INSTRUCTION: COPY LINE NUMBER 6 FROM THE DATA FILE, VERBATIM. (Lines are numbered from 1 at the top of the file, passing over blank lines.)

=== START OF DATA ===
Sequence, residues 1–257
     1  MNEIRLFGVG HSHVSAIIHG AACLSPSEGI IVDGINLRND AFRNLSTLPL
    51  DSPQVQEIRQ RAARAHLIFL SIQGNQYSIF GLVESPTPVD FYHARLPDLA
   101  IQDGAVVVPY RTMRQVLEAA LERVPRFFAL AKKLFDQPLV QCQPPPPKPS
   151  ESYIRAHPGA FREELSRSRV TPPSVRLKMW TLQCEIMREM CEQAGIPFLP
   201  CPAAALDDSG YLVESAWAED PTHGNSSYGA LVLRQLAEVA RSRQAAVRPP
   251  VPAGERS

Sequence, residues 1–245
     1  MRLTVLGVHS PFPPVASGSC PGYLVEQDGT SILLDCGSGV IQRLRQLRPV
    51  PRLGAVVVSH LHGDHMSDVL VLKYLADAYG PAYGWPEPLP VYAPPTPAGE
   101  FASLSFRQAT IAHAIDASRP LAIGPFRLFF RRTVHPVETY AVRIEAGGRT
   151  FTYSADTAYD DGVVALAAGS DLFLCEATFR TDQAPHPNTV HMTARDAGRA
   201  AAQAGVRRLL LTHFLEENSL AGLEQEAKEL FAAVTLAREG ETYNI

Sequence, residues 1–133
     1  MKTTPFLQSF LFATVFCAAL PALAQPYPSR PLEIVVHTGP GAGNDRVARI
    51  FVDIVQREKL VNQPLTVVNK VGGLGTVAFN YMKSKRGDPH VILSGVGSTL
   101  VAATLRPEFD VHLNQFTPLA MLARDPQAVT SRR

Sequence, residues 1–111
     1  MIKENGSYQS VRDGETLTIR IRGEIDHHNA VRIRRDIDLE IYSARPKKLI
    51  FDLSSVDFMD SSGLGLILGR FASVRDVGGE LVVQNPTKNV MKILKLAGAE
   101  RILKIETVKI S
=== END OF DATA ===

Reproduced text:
   201  CPAAALDDSG YLVESAWAED PTHGNSSYGA LVLRQLAEVA RSRQAAVRPP